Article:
Aulus

Aulus

Gellius, Aulus, fl. 2d cent., Roman writer. He was a lawyer who spent at least a year in Athens and wrote Noctes Atticae [Attic nights], a collection of discussions of law, antiquities, and sundry other subjects in 20 books (of which 19 and a fraction survive). The work is chiefly valuable as a storehouse of quotations from lost works.
Hirtius, Aulus, d. 43 B.C., Roman soldier. He was a friend of Julius Caesar, with whom he served in Gaul. After Caesar's assassination (44 B.C.) Hirtius and Caius Vibius Pansa were consuls and took sides with the senate against Marc Antony, who was at Mutina (Modena) besieging Decimus Junius Brutus. Hirtius was killed in the successful lifting of the siege. He was probably the author of the eighth book of Caesar's Gallic Wars. He may also have been the author of Bellum Alexandrinum, a work that continues Caesar's commentary on the civil war.
Vitellius, Aulus, A.D. 15-A.D. 69, Roman emperor (A.D. 69). He was made commander of the legions on the lower Rhine by Galba in A.D. 68. On Galba's death he was proclaimed emperor at Colonia Agrippina (now Cologne). The generals who favored him defeated his rival, Otho, in Italy, and Vitellius was briefly the emperor. He distinguished himself by extravagance, debauchery, and general incompetence. When his rival in the East, Vespasian, moved into Italy, Vitellius quickly lost his supporters. His troops were defeated at Cremona, and Vitellius fought with Vespasian's brother, Flavius Sabinus, in Rome. When Vespasian's troops entered Rome, Vitellius was captured while in hiding and murdered.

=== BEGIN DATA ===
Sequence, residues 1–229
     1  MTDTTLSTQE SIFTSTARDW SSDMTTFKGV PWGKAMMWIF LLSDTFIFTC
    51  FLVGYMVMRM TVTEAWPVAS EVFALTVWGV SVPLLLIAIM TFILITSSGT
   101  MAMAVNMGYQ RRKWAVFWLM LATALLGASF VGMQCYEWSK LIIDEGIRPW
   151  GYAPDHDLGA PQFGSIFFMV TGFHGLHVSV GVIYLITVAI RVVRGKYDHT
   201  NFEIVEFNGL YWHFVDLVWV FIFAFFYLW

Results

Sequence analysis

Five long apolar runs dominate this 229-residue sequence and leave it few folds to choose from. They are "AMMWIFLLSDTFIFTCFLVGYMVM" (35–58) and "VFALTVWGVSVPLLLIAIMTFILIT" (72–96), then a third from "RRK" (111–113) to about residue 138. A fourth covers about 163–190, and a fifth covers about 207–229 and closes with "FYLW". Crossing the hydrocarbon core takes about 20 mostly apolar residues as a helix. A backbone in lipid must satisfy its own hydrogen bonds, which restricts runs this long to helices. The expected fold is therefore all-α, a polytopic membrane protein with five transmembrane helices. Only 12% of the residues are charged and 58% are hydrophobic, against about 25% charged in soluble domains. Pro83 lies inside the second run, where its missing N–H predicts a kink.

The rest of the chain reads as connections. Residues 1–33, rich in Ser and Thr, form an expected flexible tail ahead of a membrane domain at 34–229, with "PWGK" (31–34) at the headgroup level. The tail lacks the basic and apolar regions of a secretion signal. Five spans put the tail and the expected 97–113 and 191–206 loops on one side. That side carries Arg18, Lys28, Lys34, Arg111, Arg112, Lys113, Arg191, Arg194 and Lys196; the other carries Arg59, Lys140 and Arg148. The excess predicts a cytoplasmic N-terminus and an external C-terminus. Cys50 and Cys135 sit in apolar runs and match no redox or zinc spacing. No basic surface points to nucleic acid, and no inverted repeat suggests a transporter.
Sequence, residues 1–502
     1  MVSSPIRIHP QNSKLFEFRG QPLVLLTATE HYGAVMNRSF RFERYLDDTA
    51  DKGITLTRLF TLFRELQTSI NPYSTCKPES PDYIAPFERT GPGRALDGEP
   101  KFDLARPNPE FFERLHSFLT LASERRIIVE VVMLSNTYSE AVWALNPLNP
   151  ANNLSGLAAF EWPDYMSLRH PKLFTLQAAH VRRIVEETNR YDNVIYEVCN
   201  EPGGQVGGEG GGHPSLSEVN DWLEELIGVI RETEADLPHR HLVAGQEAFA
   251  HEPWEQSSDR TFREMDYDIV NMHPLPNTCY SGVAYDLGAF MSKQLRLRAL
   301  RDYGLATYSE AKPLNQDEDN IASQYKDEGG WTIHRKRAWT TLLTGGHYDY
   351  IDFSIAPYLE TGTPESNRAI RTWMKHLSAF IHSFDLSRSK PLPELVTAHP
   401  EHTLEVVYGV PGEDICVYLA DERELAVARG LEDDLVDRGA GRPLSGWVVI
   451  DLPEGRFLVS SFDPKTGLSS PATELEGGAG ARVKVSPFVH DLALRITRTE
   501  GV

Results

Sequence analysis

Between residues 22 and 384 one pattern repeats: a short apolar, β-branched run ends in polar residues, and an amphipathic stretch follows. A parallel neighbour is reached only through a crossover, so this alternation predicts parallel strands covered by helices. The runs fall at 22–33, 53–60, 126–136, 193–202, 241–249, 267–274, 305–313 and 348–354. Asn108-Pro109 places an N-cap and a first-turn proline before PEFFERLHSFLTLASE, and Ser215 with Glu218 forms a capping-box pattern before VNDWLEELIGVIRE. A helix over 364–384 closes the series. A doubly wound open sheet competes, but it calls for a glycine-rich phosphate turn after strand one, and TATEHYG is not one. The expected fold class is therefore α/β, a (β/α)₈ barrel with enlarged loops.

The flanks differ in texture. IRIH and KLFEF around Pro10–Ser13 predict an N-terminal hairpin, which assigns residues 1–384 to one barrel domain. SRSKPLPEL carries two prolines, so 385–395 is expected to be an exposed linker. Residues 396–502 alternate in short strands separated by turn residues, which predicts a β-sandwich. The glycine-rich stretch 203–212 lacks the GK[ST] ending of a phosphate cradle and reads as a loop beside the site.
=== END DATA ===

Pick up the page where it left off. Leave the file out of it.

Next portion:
(born AD 15—died Dec. 20, 69, Rome) Roman emperor (69), the last of Nero's three short-lived successors. Vitellius was commander of the Lower German army when Nero died and was proclaimed emperor by his troops. When he marched on Italy, Otho, a rival emperor, committed suicide. Vitellius entered Rome but there had to contend with Vespasian, whose army had also proclaimed him emperor; the troops of Vitellius lost to those of Vespasian. Vitellius's Praetorian Guard prevented him from abdicating, but he was captured by troops, dragged through the streets, tortured, and killed.

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(flourished 1st century AD) Roman medical writer. His famous treatise De medicina, a major source of knowledge of early medicine, shows that it was remarkably advanced, urging cleanliness and use of antiseptics, describing facial skin grafting, and stating the four cardinal signs of inflammation. The book's three parts discuss diseases requiring diet, drug, or surgical therapy.

Learn more about Celsus, Aulus Cornelius with a free trial on Britannica.com.

(born AD 15—died Dec. 20, 69, Rome) Roman emperor (69), the last of Nero's three short-lived successors. Vitellius was commander of the Lower German army when Nero died and was proclaimed emperor by his troops. When he marched on Italy, Otho, a rival emperor, committed suicide. Vitellius entered Rome but there had to contend with Vespasian, whose army had also proclaimed him emperor; the troops of Vitellius lost to those of Vespasian. Vitellius's Praetorian Guard prevented him from abdicating, but he was captured by troops, dragged through the streets, tortured, and killed.

Learn more about Vitellius, Aulus with a free trial on Britannica.com.

(flourished 1st century AD) Roman medical writer. His famous treatise De medicina, a major source of knowledge of early medicine, shows that it was remarkably advanced, urging cleanliness and use of antiseptics, describing facial skin grafting, and stating the four cardinal signs of inflammation. The book's three parts discuss diseases requiring diet, drug, or surgical therapy.

Learn more about Celsus, Aulus Cornelius with a free trial on Britannica.com.

Several prominent ancient Romans had the praenomen Aulus:

The name was traditionally connected with Latin aula, olla, "palace", but this is most likely a folk etymology. Aulus in fact probably derives from Etruscan Aule, Avle, Avile, of unknown meaning.

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